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Oct 3, 2017
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WINE WITH…Asian Style Chicken Legs

This is a very versatile and forgiving dish. Sometimes we make it with chicken legs left over from a rotisserie bird, while other times we oven-roast the legs. It’s always a good dish to make if you have left over
risotto or other rice. Adjust the seasoning, adding more red pepper flakes or fresh hot pepper to your taste. This is simple comfort food, designed to be enjoyed with easy-sipping comfort wine!

Asian Style Chicken Legs

Serves 2

2 roasted chicken legs, with or without thighs
1 tablespoon olive oil (if roasting the chicken thighs)
Salt and pepper
2 cups chicken stock
1/3 cup white wine
1 tablespoon finely minced fresh ginger
1 pod star anise
1 teaspoon soy sauce, or more to taste
finely minced spicy red or green pepper to taste (or red pepper flakes)
1 cup sliced shitake mushrooms
2 cups cooked rice, white or brown
2 scallions, sliced
minced chives for garnish

To roast the chicken thighs, preheat the oven to 400°.

Line a rimmed baking sheet with foil or parchment paper. Rub the olive oil all over the chicken thighs and season them to taste with salt and pepper. Roast them for about 30-40 minutes, or until the juices run clear.

Meanwhile, in a saucepan large enough to accommodate the chicken parts, combine the chicken stock, wine, ginger, star anise, white wine, soy sauce, peppers and mushrooms. Bring to a boil, then reduce the heat and simmer, uncovered, for about 8 minutes. Add the rice, scallions, and cooked chicken and simmer for about 5 minutes, or until all the ingredients are thoroughly heated through.


* * *

We’ve usually opted for white wine with this dish, but our tasting for this column revealed that a red can work equally well. Depending on how much spicy pepper you use, the chicken can carry a fair amount of heat, so don’t choose anything too delicate. Aggressive flavor, though not necessarily aggressive acidity or tannin, proves to be the key to a successful match.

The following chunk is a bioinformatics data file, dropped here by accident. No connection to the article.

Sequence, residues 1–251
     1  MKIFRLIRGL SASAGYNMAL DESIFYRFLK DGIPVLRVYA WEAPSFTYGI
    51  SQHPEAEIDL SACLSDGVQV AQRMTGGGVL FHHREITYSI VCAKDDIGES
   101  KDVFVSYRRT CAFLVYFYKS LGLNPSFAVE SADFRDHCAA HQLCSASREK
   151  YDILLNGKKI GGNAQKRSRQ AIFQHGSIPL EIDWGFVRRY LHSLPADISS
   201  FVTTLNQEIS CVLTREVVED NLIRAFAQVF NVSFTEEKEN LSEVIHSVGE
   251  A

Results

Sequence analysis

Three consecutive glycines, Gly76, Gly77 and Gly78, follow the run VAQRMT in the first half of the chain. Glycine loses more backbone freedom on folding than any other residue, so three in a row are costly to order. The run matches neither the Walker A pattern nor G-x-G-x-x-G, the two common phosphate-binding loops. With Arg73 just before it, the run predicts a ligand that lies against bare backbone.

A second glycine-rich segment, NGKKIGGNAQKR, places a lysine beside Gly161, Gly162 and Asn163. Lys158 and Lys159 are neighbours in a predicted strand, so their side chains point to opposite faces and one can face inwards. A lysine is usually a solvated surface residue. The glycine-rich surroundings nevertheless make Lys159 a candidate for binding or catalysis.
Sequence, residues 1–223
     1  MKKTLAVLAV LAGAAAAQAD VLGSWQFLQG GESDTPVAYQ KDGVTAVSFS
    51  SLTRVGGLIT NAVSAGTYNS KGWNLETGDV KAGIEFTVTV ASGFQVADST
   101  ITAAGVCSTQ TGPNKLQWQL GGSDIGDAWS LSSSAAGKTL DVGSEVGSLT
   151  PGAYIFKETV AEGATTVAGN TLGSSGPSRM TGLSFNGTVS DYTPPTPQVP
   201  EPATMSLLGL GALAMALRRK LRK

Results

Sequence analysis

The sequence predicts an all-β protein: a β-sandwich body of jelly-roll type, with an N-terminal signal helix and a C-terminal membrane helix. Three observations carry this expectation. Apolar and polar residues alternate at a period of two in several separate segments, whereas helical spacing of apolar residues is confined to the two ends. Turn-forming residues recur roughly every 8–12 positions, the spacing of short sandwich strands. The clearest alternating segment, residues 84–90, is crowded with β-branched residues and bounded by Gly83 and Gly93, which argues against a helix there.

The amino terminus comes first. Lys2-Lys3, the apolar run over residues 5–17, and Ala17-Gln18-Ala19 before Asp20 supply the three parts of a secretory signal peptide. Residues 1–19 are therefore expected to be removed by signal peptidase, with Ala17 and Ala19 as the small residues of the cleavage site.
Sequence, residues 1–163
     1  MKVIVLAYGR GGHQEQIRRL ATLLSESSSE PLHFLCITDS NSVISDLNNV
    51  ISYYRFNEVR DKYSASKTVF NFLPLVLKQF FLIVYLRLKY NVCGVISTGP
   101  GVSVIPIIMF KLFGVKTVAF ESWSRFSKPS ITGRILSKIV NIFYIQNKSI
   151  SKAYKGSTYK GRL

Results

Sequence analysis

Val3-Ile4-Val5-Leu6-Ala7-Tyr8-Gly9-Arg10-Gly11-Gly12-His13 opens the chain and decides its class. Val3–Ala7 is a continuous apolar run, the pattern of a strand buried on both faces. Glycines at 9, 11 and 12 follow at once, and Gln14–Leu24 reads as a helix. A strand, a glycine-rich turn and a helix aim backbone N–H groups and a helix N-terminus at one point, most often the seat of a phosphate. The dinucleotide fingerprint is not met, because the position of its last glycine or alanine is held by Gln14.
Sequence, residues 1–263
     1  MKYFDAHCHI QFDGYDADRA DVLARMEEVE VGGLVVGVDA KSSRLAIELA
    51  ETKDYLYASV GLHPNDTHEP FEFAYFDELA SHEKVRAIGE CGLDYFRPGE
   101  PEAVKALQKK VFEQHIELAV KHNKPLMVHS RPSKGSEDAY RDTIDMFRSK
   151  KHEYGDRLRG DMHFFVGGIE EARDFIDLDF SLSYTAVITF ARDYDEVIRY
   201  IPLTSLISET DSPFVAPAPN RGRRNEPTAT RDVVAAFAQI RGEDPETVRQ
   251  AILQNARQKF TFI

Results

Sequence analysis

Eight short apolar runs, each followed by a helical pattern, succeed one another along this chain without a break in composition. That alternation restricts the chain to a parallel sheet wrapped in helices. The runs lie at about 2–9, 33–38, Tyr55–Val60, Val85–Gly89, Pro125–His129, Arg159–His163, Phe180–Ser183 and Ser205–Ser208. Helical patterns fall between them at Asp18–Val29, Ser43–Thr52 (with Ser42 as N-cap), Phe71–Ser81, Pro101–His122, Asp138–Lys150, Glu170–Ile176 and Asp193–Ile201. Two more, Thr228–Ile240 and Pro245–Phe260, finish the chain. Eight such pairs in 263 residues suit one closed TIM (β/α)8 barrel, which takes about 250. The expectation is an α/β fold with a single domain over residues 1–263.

Questions or comments? Contact us at Talkofthevine@gmail.com


Selection

Approx. Price

Comments

Angeline,

Monterey/ Sonoma

(California) Pinot Noir

2015

$18

A surprisingly elegant California Pinot, particularly given its fairly low price tag, this wine displays bright, cherry-scented fruit as well as echoes of leather and savory spice. Velvety on the palate, it made for a welcome dinner companion.

Clos Pegase,

Carneros

Napa Valley

(California)

Chardonnay

“Mitsuko’s Vineyard”

2014

$21

Rich but finely balanced, this Chardonnay more than held its own with the dark meat chicken. It has full, rich flavors, so refused to back down, even when encountering peppery heat.

Fairview Estate

Paarl

(South Africa)

“Cape Granite Blend”

2014

(Imported by Vineyard Brands)

$16

A blend of Syrah (65%). Grenache (20%), and—surprise—Tempranillo (15%) this medium-bodied red tastes seductively smooth. There are hints of black pepper lurking behind its primary fruit. They came to the fore when the wine was tasted with the dish.

Marqués de Cáceres,

Rioja

(Spain)

Rosé

2016

(Imported by Vineyard Brands)

$11

Bright pink in color and tasting of fresh strawberries, this rosé had unexpected depth when enjoyed with the dish. Its brightness faded a bit, only to be replaced with something more serious and inviting.

Maximin Grünhäuser,

Mosel

(Germany)

Riesling

“Trocken”

2015

(Imported by Loosen Brothers)

$20

Light-bodied but full of stone fruit flavors ending with a haunting mineral-tinged note that lingers effortlessly, this wine displayed a special affinity for the ginger, soy and star anise in the dish. One suspects that if the Asian flavors were even more pronounced, it would shine even more brightly.